Pictured is the new Ajax prototype shown near its future assembly site in Merthyr Tydfil, Wales. Photo: MOD.

The question of ‘sub-threshold’ activity and ‘Persistent Engagement’ are part of the same attempt within the MOD to make the best of the available resources and follow an approach that uses international relationships to deter threats.  The crisis in Ukraine doesn’t immediately invalidate those ideas, but it is a potential demonstration of their limits and that they are not a substitute for hard military power which only the MOD can provide.  Other departments have been prominent in the fields of diplomacy and economics in responding to Russian aggression.  Similarly, we shouldn’t immediately throw out the idea of the Ranger Regiment, but it is notable that it was sent to Ukraine, delivered weapons, provided training and then left.  Accompanying Ukrainian forces was never an option.  It’s an example that however interesting a concept is, it needs to complement policy preferences to demonstrate utility.


In summary, we should be careful in drawing conclusions at this point about the UK’s strategic posture and decisions from the war in Ukraine.  If that sounds like an over-cautious caveat from a risk-averse civil servant, you would be right!  ‘It’s complicated’ can be a frustratingly obtuse analytical stance, but it has the benefit of being true in most cases.  The challenge for strategic thought is always one of time and timing: when to re-examine assumptions and when to show patience in the face of conflicting evidence or confusion.  The current phase of the war in Ukraine is a little under two weeks old at the time of writing.  By the time this is published there may have been a diplomatic breakthrough or Kyiv could have fallen.  Russia has yet to fully commit all its forces, and the tactical landscape is ever-changing.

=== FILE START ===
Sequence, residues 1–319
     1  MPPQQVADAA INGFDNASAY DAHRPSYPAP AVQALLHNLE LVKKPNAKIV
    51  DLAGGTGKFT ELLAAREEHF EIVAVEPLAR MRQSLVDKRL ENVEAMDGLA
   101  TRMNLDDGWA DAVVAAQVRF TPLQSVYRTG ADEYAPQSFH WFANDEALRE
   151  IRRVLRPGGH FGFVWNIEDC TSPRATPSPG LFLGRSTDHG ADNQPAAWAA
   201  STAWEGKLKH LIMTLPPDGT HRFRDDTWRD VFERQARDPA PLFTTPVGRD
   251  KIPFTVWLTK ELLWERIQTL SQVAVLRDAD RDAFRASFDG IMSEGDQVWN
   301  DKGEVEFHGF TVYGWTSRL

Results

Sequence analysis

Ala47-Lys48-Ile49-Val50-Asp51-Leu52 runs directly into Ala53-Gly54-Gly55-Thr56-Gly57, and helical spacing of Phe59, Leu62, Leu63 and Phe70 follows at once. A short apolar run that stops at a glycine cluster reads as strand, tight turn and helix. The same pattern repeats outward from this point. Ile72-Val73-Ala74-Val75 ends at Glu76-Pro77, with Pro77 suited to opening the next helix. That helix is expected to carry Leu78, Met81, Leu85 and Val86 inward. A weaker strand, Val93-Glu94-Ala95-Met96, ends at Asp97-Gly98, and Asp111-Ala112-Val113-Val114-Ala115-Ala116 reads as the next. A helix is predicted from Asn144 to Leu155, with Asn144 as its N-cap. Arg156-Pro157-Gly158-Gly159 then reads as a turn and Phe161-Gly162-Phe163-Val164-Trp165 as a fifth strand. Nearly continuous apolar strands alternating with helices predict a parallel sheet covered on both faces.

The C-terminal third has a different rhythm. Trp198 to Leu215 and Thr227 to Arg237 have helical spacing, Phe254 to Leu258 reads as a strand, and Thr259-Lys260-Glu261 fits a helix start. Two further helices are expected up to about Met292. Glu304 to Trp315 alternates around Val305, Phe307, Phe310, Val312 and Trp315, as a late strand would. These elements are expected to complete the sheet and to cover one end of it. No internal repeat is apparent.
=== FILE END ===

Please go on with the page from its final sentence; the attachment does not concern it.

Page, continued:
Indeed, it seems perverse at this point to argue that tanks are back in vogue when the picture is one of significant casualties amongst armoured forces.  Neither do we know whether the ‘information war’ will trump ‘boots on the ground’.  Meanwhile, there is much commentary on the absence of significant cyber disruption.  This could change in a week.  Indeed, while I argue that the Integrated Review has withstood this test of its logic so far, profound changes have taken place within European security, including a radical change in German attitudes to defence spending.  We do not know where China (which remains the long-term primary ‘competitor’) will end up on the issue nor what the global economy will look like six months from now.

 If that sounds like an over-cautious caveat from a risk-averse civil servant, you would be right!  

There is plenty to examine in current Defence thinking and investment decisions.  The most recent National Audit Office report on the Defence Equipment Plan is predictably sceptical of the MOD’s figures and confidence it can achieve all that it wants with the existing spending settlement.  A number of smaller decisions are being scrutinised, from whether the shrinking air transport fleet can support a global presence, whether our logistics can sustain our expected deployments, and whether the pace and volume of the introduction of various new weapons is sufficient.  But while analysis of Russian capabilities is still being conducted and placed in the right context, it is remarkably early to be drawing major conclusions about the impact on UK strategy and resources, even as analysts are rightly identifying emerging questions.